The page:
New Gaza conflict shows that ‘Abraham Accords’ can’t bring peace as long as Israelis keep Palestinians occupied and stateless 

Juan Cole

Informed Comment  /  October 8, 2023

Ann Arbor – The conflict that broke out on October 7, 2023, between Palestinian militants and Israel underlined once again that the status quo, with Israel occupying 5 million stateless Palestinians, is unsustainable.

In the midst of the 2012 presidential campaign, Republican standard-bearer Mitt Romney was recorded giving a fundraising speech in which he admitted that it was impractical to give the Palestinians a state and that the only thing you could do with the Israel-Palestine issue was to “kick the can down the road.” Periodic kinetic conflicts are the price of the American elite’s studied inaction and, worse, coddling of the ugliest political forces on the Israeli side, as well as failure to offer ordinary Palestinians a dignified life that could allow them to develop alternatives to the ambitious and bloodthirsty fundamentalists who run Gaza.

More recently, the standard line from both Israeli politicians such as Binyamin Netanyahu and from American politicians such as Jared Kushner (Trump’s special envoy to the Middle East) and Biden’s Secretary of State Antony Blinken, has been that Palestinian citizenship in a state is not essential to a peace settlement.

Rather, Israel can do diplomatic deals with Bahrain, the United Arab Emirates, Morocco, Sudan, and now perhaps Saudi Arabia. The wealthier Middle East states could exchange technology with Israel, do joint start-ups, and engage in trade, giving a fillip to the Israeli economy that would trickle down to the Palestinians. With rising incomes and economic well-being, the Palestinians would be content to forego rights to nationhood and would acquiesce in Israeli military rule (in the Palestinian West Bank) or Israeli siege (in the Gaza Strip).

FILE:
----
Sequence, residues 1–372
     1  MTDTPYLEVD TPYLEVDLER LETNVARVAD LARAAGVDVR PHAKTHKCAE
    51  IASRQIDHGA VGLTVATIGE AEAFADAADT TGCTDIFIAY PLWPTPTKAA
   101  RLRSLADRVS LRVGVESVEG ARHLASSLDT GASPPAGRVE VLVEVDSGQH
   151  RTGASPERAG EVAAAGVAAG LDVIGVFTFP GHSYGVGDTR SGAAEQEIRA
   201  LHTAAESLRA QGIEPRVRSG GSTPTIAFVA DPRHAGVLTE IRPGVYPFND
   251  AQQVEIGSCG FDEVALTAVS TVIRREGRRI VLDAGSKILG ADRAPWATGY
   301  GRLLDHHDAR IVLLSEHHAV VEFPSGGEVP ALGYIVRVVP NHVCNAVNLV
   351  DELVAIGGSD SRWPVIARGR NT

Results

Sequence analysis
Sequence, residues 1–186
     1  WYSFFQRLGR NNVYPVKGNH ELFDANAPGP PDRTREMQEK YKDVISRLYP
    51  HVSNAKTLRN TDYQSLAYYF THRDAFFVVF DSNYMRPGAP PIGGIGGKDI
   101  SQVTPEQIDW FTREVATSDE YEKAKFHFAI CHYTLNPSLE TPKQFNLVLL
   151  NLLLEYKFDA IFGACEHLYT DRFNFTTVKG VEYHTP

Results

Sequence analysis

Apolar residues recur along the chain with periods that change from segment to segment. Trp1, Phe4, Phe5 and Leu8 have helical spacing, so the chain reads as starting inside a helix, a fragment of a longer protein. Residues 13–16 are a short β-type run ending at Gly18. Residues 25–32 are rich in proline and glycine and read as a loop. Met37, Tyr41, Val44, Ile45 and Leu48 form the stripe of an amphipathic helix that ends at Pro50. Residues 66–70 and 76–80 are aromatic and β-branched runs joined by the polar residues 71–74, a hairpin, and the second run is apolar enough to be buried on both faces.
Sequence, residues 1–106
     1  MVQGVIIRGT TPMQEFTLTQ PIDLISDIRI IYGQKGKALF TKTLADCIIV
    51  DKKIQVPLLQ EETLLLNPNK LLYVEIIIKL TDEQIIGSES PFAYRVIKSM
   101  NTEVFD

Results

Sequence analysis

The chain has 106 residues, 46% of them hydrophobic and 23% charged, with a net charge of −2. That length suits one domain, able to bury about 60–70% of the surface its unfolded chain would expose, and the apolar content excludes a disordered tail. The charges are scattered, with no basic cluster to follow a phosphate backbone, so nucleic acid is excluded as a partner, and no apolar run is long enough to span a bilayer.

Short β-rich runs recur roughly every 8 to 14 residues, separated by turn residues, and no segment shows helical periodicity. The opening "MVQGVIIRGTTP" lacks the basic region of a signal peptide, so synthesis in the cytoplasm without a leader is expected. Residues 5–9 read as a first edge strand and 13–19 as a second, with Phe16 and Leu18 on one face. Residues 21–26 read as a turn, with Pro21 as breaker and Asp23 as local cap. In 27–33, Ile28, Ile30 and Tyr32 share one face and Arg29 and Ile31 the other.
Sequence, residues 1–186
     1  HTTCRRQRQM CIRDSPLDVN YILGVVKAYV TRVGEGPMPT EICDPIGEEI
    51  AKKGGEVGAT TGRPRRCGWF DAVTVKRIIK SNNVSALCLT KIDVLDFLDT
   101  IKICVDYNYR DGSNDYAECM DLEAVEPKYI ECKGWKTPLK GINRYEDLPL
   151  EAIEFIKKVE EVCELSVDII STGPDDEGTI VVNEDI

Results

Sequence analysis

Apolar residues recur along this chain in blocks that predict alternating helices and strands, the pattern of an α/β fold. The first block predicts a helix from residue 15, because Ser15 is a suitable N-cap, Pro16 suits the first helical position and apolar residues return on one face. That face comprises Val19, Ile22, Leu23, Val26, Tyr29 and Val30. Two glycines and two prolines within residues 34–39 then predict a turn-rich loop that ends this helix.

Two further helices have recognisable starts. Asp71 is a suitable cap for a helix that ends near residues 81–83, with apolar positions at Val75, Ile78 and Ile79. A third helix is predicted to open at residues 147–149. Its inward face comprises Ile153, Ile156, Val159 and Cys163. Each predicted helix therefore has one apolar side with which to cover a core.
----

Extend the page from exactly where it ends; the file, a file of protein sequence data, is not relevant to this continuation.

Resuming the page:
As with all trickle-down theories, this one is a chimera, an illusion, in brief, a scam.

The reality is seedier and considerably less promising. Some 75% of the families in Gaza are descended from refugees driven out of what is now southern Israel, out of what is now Beersheva and Sderot and other places that either no longer exist or have been renamed by the settler-colonial victors. They have not forgotten where they came from. Many could walk home in less than a day if they were allowed to recover their patrimony.

The economic efflorescence dreamed of by Kushner and Netanyahu once Tel Aviv was married up to Dubai has not taken place, either for most ordinary Israelis, and least of all the under-educated and under-employed Ultra-Orthodox, or for the Palestinians, who have a Depression-era unemployment rate of 25%. In the Gaza Strip joblessness stands at 46.4%, as a direct result of the Israeli siege imposed since 2007. So far from economic efflorescence is Gaza that only 4% of its freshwater is fit for human consumption, and it has electricity only for a few hours a day. Israel does not allow Gaza to have a harbor or an airport, rather denting the likelihood of anything trickling down. While the so-called “Abraham Accords” (a piece of blasphemy toward the patriarch) may have allowed Arab oil billionaires and Israel tech billionaires to do some deals, those people were never at war in the first place, and their finances remained in the stratosphere out of sight of ordinary mortals.